An appellate court yesterday rejected another challenge to federal regulators' approach to climate analysis for natural gas projects.
In a case related to a failed landmark lawsuit targeting the Federal Energy Regulatory Commission's new policy on tallying and analyzing downstream greenhouse gas emissions, the U.S. Court of Appeals for the District of Columbia Circuit ruled yesterday that it lacked jurisdiction to determine whether the agency violated the National Environmental Policy Act when it approved a series of infrastructure upgrades.
As with its sister case, Otsego 2000 v. FERC, the latest climate challenge — focused on the Broad Run infrastructure expansion project along Kinder Morgan Inc.'s Tennessee Gas pipeline in West Virginia, Kentucky and Tennessee — failed on procedural grounds.
"Despite our misgivings regarding the Commission's decidedly less-than-dogged efforts to obtain the information it says it would need to determine that downstream greenhouse-gas emissions qualify as a reasonably foreseeable indirect effect of the Project, Concerned Citizens failed to raise this record-development issue in the proceedings before the Commission," a three-judge panel for the D.C. Circuit wrote in an opinion yesterday.
Carolyn Elefant, who represented landowners in the Broad Run challenge, said she was shocked by the court's ruling and plans to continue the fight.
"I've never had a ruling like this where an agency acted in violation of court precedent and the court gave them another opportunity," she said.
The D.C. Circuit found in 2017 that NEPA required FERC to consider the climate impacts from downstream uses of fuel that passed through the Sabal Trail pipeline and related projects in the Southeast (Energywire, Aug. 23, 2017).
Yesterday's ruling flies in the face of the Sabal Trail finding, Elefant said.
"The court is going to give FERC another bite at the apple, and it's going to be another year until these issues are resolved," she said.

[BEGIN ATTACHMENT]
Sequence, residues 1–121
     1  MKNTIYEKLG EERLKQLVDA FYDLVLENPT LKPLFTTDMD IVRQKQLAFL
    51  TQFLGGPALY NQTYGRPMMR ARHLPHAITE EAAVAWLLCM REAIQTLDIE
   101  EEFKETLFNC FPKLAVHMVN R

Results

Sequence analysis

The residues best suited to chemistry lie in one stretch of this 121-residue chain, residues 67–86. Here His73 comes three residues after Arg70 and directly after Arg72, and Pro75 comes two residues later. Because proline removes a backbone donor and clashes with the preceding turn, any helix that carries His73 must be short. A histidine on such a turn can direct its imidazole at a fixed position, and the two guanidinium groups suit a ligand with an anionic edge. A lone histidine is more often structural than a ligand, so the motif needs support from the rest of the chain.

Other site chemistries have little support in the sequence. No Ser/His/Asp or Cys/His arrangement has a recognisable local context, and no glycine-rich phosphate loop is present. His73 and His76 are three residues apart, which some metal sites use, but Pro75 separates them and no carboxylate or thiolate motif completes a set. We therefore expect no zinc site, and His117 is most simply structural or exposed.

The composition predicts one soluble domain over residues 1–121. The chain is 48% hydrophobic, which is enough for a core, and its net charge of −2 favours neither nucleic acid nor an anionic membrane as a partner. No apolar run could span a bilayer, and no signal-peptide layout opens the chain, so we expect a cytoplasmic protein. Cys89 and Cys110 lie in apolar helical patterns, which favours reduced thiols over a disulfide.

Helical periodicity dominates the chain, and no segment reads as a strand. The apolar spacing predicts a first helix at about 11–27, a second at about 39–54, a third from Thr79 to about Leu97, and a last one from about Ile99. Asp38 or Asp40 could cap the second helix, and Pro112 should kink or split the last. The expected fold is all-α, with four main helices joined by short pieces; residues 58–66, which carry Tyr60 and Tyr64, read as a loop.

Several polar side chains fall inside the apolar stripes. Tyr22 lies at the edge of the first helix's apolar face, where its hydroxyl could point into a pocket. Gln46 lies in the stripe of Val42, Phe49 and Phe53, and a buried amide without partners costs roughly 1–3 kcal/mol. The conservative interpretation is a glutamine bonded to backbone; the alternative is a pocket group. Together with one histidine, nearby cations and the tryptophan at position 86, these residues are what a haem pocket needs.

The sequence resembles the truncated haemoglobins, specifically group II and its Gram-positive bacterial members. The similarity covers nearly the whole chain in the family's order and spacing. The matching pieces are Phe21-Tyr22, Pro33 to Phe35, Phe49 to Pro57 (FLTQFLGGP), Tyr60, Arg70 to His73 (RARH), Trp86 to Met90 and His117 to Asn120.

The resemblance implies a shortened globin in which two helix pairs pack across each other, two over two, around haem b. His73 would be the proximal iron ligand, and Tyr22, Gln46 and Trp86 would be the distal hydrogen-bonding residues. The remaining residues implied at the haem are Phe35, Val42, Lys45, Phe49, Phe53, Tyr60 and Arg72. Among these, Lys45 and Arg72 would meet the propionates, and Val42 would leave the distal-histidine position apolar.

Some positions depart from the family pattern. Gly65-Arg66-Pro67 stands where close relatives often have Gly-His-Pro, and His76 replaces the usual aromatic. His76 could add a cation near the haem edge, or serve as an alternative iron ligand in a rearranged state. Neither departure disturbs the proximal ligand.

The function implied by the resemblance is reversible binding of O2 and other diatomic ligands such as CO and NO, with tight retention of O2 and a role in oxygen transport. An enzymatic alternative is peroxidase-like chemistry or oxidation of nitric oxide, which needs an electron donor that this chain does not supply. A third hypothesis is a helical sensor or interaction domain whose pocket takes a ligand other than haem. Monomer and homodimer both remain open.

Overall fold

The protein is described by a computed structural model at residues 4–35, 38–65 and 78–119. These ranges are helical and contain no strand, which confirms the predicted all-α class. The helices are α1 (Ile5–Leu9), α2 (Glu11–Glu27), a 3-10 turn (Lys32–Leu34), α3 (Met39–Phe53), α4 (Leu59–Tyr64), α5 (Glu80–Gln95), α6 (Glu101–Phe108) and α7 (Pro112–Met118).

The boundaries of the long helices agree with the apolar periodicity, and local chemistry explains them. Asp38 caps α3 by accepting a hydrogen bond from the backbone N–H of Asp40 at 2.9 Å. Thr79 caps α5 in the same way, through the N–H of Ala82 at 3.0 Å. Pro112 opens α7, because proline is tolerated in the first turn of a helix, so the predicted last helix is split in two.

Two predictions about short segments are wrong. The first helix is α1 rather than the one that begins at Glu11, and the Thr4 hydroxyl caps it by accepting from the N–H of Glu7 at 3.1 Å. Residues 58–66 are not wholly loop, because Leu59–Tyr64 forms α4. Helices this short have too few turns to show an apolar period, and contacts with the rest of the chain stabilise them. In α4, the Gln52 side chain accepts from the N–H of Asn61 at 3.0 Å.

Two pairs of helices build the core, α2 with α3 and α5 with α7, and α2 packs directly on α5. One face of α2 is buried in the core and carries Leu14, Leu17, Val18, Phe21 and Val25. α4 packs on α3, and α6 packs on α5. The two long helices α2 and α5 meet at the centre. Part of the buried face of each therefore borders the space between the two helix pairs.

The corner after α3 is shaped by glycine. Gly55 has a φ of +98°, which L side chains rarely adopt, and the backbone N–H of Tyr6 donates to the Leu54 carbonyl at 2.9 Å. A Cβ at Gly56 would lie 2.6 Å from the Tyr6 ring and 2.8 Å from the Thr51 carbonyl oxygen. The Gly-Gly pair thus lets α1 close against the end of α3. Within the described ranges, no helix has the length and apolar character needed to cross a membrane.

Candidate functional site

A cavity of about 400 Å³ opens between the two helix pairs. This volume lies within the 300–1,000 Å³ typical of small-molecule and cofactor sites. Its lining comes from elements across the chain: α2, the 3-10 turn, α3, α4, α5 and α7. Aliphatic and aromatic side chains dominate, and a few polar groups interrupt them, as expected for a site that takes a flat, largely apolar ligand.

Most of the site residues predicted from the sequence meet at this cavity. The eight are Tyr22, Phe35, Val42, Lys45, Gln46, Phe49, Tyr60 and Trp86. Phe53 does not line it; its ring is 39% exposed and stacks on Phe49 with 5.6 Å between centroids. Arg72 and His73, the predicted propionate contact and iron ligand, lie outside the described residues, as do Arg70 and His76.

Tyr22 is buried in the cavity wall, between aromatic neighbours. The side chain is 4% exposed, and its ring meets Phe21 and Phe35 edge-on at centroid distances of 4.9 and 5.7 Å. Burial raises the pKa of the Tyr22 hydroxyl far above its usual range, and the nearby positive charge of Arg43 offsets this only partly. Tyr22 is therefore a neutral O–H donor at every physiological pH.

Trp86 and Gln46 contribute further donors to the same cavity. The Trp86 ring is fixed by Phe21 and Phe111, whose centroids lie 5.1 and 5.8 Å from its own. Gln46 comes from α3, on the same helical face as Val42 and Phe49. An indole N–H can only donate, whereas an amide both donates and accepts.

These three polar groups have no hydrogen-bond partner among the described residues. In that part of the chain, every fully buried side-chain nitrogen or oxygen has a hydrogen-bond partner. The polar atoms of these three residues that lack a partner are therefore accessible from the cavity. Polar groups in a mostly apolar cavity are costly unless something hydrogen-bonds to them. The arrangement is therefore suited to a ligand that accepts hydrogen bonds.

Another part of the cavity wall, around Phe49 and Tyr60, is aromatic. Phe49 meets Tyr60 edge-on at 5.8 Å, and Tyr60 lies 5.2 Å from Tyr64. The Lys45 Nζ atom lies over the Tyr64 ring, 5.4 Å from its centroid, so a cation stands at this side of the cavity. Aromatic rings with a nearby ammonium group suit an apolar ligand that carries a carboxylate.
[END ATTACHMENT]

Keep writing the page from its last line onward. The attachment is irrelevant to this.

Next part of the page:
Elefant and her clients are considering asking the court to reconsider the Broad Run case.
During oral arguments in the Otsego and Broad Run cases, Chief Judge Merrick Garland and Judges David Tatel and Robert Wilkins appeared skeptical of FERC's arguments that climate impacts from natural gas produced or consumed as a result of its projects are "generic" and "inherently speculative" (Energywire, April 12).
Democratic Commissioner Cheryl LaFleur used her dissent in the Broad Run order to conduct a back-of-the-envelope assessment of upstream and downstream greenhouse gas emissions from the project.
Commissioner Richard Glick, another Democrat, also dissented from the Broad Run and Otsego orders. He recently co-wrote a legal article rebuking FERC for falling short on its climate analyses.
But the D.C. Circuit judges, all nominated by Democratic presidents, ultimately faulted landowner challengers for failing to push FERC to flesh out its record during proceedings before the commission.
"Maybe the court views this as something more political and didn't want to issue an opinion that could be perceived as politically motivated," Elefant said.
The panel also rejected the challengers' arguments that FERC had not adequately analyzed alternatives to a Tennessee compressor station within the Broad Run project.
"Under the circumstances of this case, the Commission's selection of the proposed site was reasonable," the judges wrote. "NEPA requires nothing more."
Kinder Morgan said it was pleased with the court's decision to allow the gas infrastructure expansion project to move forward.
FERC does not comment on court rulings. Glick, however, issued a statement about the ruling, saying it "unambiguously affirms" the agency's obligation to do robust climate analysis.
"Although the Court denies the petition on procedural grounds, the opinion puts to bed any suggestion that NEPA & the NGA do not permit FERC to seriously consider the GHG emissions caused by a pipeline," the commissioner wrote.
This won't be the D.C. Circuit's last word on FERC climate reviews.
The court has at least three more climate-related pipeline challenges in the hopper (Energywire, March 5).
"While the Commission succeeded in defending a more limited GHG review in this case, we view this precedential decision as giving an admonition to the FERC — and arguably guidance to pipeline opponents — that the court would be willing to grant an appeal if the underlying circumstances were different," Christi Tezak, managing director for ClearView Energy Partners LLC, wrote in a note yesterday.
Overall, she wrote, the D.C. Circuit still seems hesitant to support FERC's "don't ask, don't evaluate" approach on greenhouse gas analyses.
"On at least three separate occasions the court indicated that FERC's unwillingness to ask the project sponsor to provide more information did not appear fully consistent with a well-executed NEPA review," Tezak wrote.
It's unclear how the court will approach the issue in future decisions.
A D.C. Circuit ruling on FERC's certificate for the Atlantic Sunrise pipeline in Pennsylvania is imminent.
The court has yet to schedule arguments on FERC's authorizations of the Atlantic Coast and PennEast pipelines.
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